Earnings Results: Elon Musk teases massive Tesla stock buyback as CFO trims forecast for annual deliveries and stock falls

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Tesla Inc. Chief Executive Elon Musk suggested the electric-vehicle maker could repurchase up to $10 billion worth of its stock Wednesday, as shares declined following a third-quarter revenue miss and his CFO brought down delivery expectations for the full year.

Some Tesla TSLA, +0.84% investors have been agitating for a stock buyback after multiple stock splits and the company losing more than a third of its market capitalization in 2022, and Musk said in an earnings conference call that Tesla’s board has discussed a buyback in the range of $5 billion to $10 billion.

“We debated the buyback idea extensively at board level. The board generally thinks that it makes sense to do a buyback, we want to work through the right process to do a buyback, but it is something possible for us to do a buyback on the order of $5 [billion] to $10 billion even in a downside scenario next year, given next year is very difficult,” he said, adding that it “is obviously pending board review and approval.”

“So it’s likely that we will do some meaningful buyback,” he concluded.

The statement did not immediately move Tesla’s stock, as it was followed closely by a forecast revision from Chief Financial Officer Zachary Kirkhorn, who said, “We do expect to be just under 50% growth [for deliveries] due to an increase in the cars in transit at the end of the year.”

Tesla delivered a record number of cars in the third quarter, but still missed analysts’ expectations and made it more difficult to hit executives’ target for the year of an increase of more than 50% in vehicle deliveries. Kirkhorn said that the company will increase production of cars by 50%, “although we are tracking supply-chain risks which are beyond our control.”

Shares declined more than 6% following the car company’s earnings report. Tesla reported third-quarter earnings of $3.29 billion, or 95 cents a share, on sales of $21.45 billion, up from $13.76 billion a year ago. After adjusting for stock-based compensation, the electric-vehicle manufacturer reported earnings of $1.05 a share, up from 62 cents a share a year ago.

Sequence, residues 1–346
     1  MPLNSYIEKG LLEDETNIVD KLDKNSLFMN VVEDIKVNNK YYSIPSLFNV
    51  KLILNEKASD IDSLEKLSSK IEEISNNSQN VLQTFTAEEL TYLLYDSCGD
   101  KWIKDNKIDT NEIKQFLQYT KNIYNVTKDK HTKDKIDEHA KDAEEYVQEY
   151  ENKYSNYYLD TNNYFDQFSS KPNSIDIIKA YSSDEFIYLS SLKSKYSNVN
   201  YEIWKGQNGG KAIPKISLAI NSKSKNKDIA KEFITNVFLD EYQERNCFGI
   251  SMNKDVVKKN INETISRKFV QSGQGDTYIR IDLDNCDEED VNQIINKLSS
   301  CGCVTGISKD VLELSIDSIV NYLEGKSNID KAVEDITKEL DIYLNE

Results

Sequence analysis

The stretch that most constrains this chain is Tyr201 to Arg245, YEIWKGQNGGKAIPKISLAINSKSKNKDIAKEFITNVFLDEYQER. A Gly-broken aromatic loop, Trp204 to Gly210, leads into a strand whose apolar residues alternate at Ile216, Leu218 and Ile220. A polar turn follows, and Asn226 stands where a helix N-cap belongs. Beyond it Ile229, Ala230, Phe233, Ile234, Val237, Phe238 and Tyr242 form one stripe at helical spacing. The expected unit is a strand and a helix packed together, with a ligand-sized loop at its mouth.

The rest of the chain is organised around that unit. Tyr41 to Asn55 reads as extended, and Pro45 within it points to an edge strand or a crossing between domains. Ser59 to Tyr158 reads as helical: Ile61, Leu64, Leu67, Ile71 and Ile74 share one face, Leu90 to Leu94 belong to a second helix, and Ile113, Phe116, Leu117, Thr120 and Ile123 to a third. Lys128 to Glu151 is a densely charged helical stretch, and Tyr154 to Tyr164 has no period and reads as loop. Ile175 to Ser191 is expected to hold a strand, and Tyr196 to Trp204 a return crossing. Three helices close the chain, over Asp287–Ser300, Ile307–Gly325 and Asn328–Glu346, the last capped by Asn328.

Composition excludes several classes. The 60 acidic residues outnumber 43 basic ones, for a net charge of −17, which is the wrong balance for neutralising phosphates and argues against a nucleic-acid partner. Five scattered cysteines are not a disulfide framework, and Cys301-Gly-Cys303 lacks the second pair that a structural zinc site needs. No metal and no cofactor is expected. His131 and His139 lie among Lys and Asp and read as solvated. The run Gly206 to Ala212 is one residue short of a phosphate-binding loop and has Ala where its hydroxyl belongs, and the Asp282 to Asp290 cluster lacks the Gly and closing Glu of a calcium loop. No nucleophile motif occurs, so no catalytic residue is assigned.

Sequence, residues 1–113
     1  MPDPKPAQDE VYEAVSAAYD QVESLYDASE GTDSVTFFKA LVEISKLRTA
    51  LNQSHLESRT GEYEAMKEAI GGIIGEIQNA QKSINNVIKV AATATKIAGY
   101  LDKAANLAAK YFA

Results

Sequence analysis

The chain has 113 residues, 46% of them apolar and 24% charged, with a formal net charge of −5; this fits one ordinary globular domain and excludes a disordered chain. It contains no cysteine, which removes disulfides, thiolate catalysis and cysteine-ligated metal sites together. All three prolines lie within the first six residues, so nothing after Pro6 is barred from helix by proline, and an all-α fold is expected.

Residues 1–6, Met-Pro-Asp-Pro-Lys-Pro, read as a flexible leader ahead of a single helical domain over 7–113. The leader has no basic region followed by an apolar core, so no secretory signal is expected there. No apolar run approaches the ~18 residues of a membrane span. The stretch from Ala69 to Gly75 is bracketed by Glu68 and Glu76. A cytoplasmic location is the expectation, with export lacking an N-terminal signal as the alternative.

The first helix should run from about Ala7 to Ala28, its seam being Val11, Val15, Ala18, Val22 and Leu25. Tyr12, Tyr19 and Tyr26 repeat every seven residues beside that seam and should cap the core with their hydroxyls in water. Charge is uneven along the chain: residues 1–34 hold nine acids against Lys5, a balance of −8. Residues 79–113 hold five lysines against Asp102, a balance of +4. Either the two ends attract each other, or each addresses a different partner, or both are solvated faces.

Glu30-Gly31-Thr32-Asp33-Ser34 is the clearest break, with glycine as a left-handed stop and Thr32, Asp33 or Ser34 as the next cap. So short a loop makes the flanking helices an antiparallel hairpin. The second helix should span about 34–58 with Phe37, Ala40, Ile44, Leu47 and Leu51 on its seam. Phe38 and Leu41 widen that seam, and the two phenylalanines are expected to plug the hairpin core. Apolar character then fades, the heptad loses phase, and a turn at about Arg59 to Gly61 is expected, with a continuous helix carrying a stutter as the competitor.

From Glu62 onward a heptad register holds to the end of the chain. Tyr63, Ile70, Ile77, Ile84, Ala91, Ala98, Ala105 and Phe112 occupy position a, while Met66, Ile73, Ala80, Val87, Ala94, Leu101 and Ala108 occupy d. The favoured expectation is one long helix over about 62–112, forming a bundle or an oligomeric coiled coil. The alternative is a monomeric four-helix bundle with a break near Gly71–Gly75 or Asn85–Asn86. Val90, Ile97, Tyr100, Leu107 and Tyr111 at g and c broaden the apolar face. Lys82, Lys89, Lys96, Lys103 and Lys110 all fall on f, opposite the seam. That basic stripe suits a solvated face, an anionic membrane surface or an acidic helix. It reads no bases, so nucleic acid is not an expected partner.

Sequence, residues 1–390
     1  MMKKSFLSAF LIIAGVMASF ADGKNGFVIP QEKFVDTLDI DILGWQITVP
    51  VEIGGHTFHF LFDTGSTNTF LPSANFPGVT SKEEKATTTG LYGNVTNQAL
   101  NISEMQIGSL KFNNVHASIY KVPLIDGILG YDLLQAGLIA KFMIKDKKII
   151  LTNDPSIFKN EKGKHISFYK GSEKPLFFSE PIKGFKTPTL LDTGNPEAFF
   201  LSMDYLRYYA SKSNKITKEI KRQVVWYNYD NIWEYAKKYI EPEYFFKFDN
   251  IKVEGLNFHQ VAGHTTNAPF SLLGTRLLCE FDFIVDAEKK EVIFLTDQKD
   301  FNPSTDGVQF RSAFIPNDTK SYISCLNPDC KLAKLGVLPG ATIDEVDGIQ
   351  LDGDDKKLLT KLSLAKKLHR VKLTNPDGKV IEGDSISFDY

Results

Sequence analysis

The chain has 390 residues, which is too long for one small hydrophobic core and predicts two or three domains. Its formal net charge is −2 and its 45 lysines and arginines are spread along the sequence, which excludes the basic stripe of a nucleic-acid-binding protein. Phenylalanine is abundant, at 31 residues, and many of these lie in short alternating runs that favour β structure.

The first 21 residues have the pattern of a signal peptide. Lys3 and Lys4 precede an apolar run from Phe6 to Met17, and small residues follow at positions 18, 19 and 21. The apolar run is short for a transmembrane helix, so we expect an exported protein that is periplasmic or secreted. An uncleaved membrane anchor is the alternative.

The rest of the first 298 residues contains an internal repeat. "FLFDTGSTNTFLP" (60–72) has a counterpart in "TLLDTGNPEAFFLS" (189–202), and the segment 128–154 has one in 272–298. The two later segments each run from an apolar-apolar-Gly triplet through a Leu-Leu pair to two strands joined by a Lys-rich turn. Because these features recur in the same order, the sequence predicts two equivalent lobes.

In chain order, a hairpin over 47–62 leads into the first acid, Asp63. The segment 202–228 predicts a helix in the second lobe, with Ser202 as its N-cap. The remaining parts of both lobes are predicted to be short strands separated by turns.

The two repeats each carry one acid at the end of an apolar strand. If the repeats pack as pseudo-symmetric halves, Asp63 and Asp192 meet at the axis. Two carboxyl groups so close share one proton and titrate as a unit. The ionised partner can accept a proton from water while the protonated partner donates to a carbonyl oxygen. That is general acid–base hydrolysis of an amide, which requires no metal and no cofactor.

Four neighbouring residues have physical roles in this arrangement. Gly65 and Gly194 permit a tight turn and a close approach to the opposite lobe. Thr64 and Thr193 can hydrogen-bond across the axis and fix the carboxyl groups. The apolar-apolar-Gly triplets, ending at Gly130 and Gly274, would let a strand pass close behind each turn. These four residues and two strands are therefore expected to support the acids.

Analysts on average were expecting adjusted earnings of $1 a share on sales of $21.98 billion, according to FactSet. Tesla shares declined about 5% in after-hours trading immediately following the release of the results, after closing with a 0.8% increase to $222.04 in the regular trading session.

Tesla shares have fallen more than 37% so far this year, a harder descent than the 22% decline of the S&P 500 index SPX, -0.67%, after years of outsize gains. Pundits have put forth a variety of reasons for the downturn, including increasing competition in the EV market, negative press around Tesla’s full-self-driving claims and actual performance, and Musk’s attention being diverted to his attempt to acquire Twitter Inc. TWTR, +0.10%.

Don’t miss: Market share for electric vehicles expected to roughly double

None of that cowed Musk, however. He predicted that Tesla would be worth as much as the two most valuable companies in the world, Apple Inc. AAPL, +0.08% and Saudi Arabian Oil Co. 2222, +0.42%, combined. Both companies have market capitalizations topping $2 trillion.

“Now I am of the opinion that we can far exceed Apple’s current market,” Musk said on the call, after referencing a previous prediction that Tesla would reach Apple’s then-record market cap. “In fact, I see a potential path for Tesla to be worth more than Apple and Saudi Aramco combined. That doesn’t mean it will happen or that it will be easy, in fact it will be very difficult, require a lot of work, very creative new products, expansion and always good luck. But for the first time I’m seeing, I see a way for Tesla to be, let’s say roughly twice the value of Saudi Aramco.”

In a preview of the report Tuesday, Wedbush Securities analyst Daniel Ives said that “the Street is starting to worry that the bloom is coming off the rose in the Tesla story with delivery shortfalls front and center.”

“Between logistical issues in China, supply-chain problems, FSD black-eye moments, the Musk Twitter fiasco and EV competition increasing across the board, there is growing pressure on Musk & Co. to prove themselves,” Ives wrote.

Tesla’s automotive gross margin, which declined in the second quarter despite price increases that Musk called “embarrassing,” were the same sequentially at 27.9%. Operating margin increased both sequentially and year-over-year, however, to 17.2% from 14.6% both in the third quarter a year ago and the previous quarter.

Earnings preview: Do record Tesla deliveries mask a demand problem?

In their communications with investors on Wednesday, Tesla executives disclosed that they will change the process for one of their most challenging tasks of late — transporting cars — in hopes of bringing costs down.

“We are reaching such significant delivery volumes in the final weeks of each quarter that transportation capacity is becoming expensive and difficult to secure. As a result, we began transitioning to a smoother delivery pace, leading to more vehicles in transit at the end of the quarter,” the company’s shareholder deck reads. “We expect that smoothing our outbound logistics throughout the quarter will improve cost per vehicle.”

This article was originally published by Marketwatch.com. Read the original article here.

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